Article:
Presenters Presenting Prezi Presentations Presently


In 4 days I will be heading to the airport to catch my flight to Halifax, Nova Scotia1. From there, I will be driving with my brother to Wolfville for the Annual Meeting of the Statistical Society of Canada, where I will be presenting (Monday morning) some of the research associated with my PhD dissertation. Specifically, I will be chatting about Multivariate Poisson Spatial Mixture models. w00t!

But fear not dear readers, it’s not nearly as boring as it sounds. Well, it might be, but I’m doing everything I can to spice it up and bring some life to what most would consider a dry topic. Clearly as a Statistician I am not one of those people who find statistics dry. I am, however, someone who is easily distracted and bored during presentations. That is to say, I think a lot of presentations are painful, to say the least. In fact, whenever someone

  • starts their presentation by reading their slides, I’m already thinking about something else.
  • presents slides that are all text and equations, I have to force myself to stay awake – and this from someone who loves equations.
  • presents to only a small subset of the audience; that is, the speaker presents something so specialized that everyone else is left in the dust – well, I’m usually one of those left in the dust.
  • presents their work without any sense of passion or fun, I wonder to myself if you aren’t interested in what you are doing, why the hell would I care? 

Maybe I’m a bit too harsh, but I have to think that if this is your life’s work, your bread and butter, your passion, shouldn’t you be trying to at least sell it a little bit to the audience?

Anyway, I’ve spent many hours at conferences thinking about these things (because clearly I wasn’t paying attention to the presentations). Don’t get me wrong – by no means do I think I’m a good presenter. But I do strive to be. I take my presentations seriously and I try to do what I can to spice them up and make them interesting. And I will go back to old presentations to learn from past mistakes. In fact, I was reviewing some slides from a class I taught a few years back and was appalled at how cluttered they were. But just like anything, presenting is a process – something that someone has to practice and practice and then practice some more. While I’m sure there are some people who can wing a presentation, good presenters are not typically born. It is a skill that must be developed. And I’ve learned through the years that if the presenter can tell a story that engages the audience, they have effectively won the battle. So that is what I strive to do – tell a story that justifies and explains the research that I am presenting.

Fortunately, when I was developing my presentation for my PhD defence, I was introduced to an online presentation building program called Prezi. It is an easy to use program that allows you to create a story line, instead of resorting to the standard slide after slide after slide structure. It also automatically creates some rather interesting zooming transitions that brings the story to life. It’s not a static slide but a story board. Something that draws the audience in.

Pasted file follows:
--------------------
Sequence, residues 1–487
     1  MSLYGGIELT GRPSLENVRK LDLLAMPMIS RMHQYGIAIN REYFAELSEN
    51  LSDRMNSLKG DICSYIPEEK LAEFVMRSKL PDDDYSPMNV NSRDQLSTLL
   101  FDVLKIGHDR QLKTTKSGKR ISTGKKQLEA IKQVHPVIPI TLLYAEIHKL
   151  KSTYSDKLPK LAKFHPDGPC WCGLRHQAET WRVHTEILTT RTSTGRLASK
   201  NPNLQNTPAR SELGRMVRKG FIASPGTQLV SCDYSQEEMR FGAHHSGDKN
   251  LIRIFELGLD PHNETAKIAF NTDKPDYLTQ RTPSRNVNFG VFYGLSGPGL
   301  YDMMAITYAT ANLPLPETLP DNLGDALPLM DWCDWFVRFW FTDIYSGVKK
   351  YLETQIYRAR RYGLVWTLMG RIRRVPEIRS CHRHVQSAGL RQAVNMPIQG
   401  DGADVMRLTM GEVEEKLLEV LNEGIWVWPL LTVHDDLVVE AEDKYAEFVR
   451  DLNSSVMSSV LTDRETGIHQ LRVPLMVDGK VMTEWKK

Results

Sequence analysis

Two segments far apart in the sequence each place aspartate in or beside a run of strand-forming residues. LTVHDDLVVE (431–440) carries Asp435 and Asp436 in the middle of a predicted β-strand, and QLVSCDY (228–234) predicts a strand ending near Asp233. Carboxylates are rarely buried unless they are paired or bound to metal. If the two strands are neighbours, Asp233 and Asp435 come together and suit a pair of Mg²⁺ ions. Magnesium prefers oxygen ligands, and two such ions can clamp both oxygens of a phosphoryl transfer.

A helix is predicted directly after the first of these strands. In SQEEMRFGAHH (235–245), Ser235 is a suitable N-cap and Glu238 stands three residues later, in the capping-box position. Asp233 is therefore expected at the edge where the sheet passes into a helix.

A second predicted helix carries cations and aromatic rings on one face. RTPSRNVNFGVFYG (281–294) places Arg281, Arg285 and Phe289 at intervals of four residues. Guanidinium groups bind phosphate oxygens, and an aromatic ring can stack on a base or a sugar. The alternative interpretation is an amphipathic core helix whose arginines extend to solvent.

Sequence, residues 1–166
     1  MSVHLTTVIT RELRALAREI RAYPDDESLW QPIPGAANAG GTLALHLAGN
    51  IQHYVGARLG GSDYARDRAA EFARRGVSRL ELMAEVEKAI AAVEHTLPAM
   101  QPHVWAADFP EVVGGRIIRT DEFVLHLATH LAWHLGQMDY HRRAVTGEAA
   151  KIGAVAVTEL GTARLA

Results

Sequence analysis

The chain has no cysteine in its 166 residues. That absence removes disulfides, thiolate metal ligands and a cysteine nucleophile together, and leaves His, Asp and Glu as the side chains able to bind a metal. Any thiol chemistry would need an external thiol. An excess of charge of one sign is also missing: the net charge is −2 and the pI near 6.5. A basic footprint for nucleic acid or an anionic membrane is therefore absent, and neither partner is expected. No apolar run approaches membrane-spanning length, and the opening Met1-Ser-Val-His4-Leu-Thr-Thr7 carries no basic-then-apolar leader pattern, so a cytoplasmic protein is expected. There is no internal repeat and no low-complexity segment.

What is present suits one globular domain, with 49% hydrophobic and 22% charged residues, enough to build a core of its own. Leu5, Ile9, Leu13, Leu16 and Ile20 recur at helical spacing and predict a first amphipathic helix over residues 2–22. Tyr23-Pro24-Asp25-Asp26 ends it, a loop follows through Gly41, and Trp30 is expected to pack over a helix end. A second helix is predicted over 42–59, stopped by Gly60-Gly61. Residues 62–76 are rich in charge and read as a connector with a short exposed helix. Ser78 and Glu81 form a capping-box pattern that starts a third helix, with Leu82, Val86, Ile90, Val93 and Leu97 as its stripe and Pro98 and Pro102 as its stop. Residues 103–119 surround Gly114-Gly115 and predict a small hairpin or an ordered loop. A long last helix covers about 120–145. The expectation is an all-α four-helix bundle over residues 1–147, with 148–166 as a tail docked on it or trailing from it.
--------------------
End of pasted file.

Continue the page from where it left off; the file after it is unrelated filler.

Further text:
I was also fortunate to have seen several excellent Ted Talks online. The common thread in all of the good presentations was the act of story telling. That is, the presenter did not rely on overly verbose slides. They instead had very simple key points or, better still, key words, around which a story was told. This forced the audience to engage with the presenter, instead of getting lost in text. It also guaranteed that the presenter had to know what they were talking about, because they couldn’t stop to read it.

Ultimately, I hope the lessons I have learned from experience and from others will elevate my SSC talk on Monday to at least the point of not being a snore-fest. I’ll let you know how it goes 🙂


Don't be fooled - behind that cute exterior, he's plotting your demise.

Dear potential thieves; while I am away be aware that my house will be guarded by Elliot the attack cat. Do not be thrown off by his cuteness. Under that soft fuzz ball exterior is the heart of a killer. And if for some reason you get by Elliot, Almost Dr. Sean will be there to take you out. Consider yourselves warned.


6 Comments Add yours

  1. Beth says:

    My experience has been that the vast majority of academics give terrible, terrible talks. Even people who are uber enthusiastic about their research when you talk to them one-on-one become the world’s biggest bores as soon as you put a lectern and a PowerPoint projector in front of them. I think everyone has just seen so many bad academic lectures that they think that that is the way they have to be done.

    For that reason, when I teach my seminar course, one of the first things I do is give my “How to Make Your Presentations Rock” lecture – a kick ass lecture on how to make non-sucky presentations. It’s mostly selfish, because I don’t want to have to sit through a semester’s worth of students reading verbatim off of text-heavy slides. But the students seem to really appreciate it and use their mad presentation skillz in other classes, so it’s win-win really.

    All that being said, I’m setting the bar pretty high for my guest lecture, aren’t I?

    1. dangillis says:

      Setting the bar too high? Nah. I know you will be awesome. Awesome long time and repeatedly.

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